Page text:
they will ultimately get a better idea about how an individual piece of gear might work for them as they chase their own version of the sound. A couple of disclaimers: The clips marked ‘flat’ were recorded through the Focus 2R and Wizzy 10 with all EQ control settings at 12 o’clock. This sound is a bit bright for me, so I usually roll off a fair amount of highs and some mids as well. I’ve included several clips after the flat versions with the kinds of EQ settings that I would likely use on the gig (keeping in mind that each room is different). Also, the proximity of the mic to the cab (about 30” or so) tends to emphasize the forwardness of the mids – an attribute which mellows and blends with space. From farther away, or in a mix, the brightness of the sound you hear would be mitigated by the other instruments and by distance. In this case, I was trying to give an example of what the player might hear onstage. I have come to the conclusion that it’s best for me to be a little brighter than I would normally like up close so that the sound out front still has presence. YMMV, as always. The recording process: All clips were recorded dry in Digital Performer using an M-Audio Solaris largediaphragm condenser into an M-Audio Tampa preamp. On the acoustic cut, the mic was placed about 14” in front of the bass, and slightly higher than the bridge. On the rest of the cuts featuring the amp, the same mic was placed about 30” directly in front of the driver of the cab. The same tune and format were used for all cuts: Strayhorn’s Isfahan is played for four choruses, and four different textures are used for one chorus each: melody, double stops representing the changes, walking line, and a solo chorus. I tried to play the cuts as similarly as possible, using the same double stops, walking line clichés, etc. While they are not identical, I think they are similar enough to be of value. As I review each new piece of gear, I’ll record a new clip in the same room with the same bass, mic, and specs so that hopefully, the sonic signatures of each will be readily apparent. The clips are as follows: 1) Acoustic bass straight into the mic 2) Pickup only through the Focus/Wizzy with no EQ 3) Pickup only with EQ ‘darkening’ 4) Pickup and mic blended, no EQ 5) Pickup and mic blended with EQ “darkening” (the mic in this case is a Shure Beta 57 mounted with the capsule pointed right behind the treble bridge foot; I use this blended with the pickup on 90% of my gigs. Bass Gear Magazine strives to cover the full gamut of bass instruments and amplification products. In future issues, we will feature both supplemental reviews of gear (giving an upright perspective of products also reviewed with electric bass in mind) and full reviews of gear designed primarily with upright amplification in mind (and possibly featuring an ‘electric perspective’ sidebar). Stay tuned for more! Until then, I’ll be hanging out In The Doghouse. b g : bass gear 107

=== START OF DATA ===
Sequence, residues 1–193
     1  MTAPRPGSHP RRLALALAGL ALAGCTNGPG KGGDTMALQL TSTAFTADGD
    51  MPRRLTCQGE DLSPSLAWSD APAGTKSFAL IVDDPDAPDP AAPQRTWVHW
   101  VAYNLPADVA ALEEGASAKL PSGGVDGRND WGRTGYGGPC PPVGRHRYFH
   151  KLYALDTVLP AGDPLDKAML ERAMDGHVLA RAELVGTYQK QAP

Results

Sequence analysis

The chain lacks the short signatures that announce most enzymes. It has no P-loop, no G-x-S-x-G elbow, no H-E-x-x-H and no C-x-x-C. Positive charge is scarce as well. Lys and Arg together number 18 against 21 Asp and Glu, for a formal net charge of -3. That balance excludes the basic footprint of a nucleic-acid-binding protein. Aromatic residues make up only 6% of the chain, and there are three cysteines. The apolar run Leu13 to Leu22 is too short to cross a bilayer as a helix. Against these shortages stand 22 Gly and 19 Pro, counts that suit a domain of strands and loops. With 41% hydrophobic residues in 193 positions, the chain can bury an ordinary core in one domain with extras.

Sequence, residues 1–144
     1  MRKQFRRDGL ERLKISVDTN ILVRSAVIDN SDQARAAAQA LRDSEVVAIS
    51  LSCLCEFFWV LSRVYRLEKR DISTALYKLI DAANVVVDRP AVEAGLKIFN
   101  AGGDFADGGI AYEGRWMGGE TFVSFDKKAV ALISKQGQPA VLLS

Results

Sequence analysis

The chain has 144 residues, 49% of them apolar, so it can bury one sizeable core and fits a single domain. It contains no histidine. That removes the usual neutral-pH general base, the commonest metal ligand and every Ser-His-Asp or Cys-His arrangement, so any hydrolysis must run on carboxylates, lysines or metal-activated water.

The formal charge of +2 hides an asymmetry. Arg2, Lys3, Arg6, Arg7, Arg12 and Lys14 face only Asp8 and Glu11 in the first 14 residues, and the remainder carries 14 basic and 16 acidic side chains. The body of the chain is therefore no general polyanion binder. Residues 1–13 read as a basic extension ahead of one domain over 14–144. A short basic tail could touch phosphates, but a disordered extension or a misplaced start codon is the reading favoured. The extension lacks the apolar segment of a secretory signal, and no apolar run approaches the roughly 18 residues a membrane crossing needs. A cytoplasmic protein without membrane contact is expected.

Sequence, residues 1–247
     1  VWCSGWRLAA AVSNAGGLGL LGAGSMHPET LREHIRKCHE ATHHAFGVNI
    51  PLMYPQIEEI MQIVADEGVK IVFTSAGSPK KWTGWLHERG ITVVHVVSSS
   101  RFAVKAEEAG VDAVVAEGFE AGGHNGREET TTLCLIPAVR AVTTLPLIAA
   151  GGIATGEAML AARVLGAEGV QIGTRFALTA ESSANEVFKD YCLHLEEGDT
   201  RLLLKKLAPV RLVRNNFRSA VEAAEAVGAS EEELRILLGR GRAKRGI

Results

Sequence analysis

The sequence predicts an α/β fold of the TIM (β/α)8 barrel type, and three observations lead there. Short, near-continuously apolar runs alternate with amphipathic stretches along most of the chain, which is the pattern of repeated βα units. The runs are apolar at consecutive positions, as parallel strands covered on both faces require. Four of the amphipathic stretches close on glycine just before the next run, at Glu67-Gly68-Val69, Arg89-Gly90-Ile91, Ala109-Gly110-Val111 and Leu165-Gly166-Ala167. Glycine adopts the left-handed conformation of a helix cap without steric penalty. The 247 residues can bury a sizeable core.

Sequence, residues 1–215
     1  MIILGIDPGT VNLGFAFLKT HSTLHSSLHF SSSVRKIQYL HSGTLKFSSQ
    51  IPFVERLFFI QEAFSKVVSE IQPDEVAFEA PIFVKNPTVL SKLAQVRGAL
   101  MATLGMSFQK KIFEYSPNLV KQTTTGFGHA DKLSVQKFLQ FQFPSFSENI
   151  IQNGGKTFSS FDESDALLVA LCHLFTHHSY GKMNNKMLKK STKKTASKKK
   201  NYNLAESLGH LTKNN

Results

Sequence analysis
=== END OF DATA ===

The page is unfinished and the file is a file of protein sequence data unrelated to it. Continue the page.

Lynnhaven Middle School PTA Chris Ritter Memorial Scholarships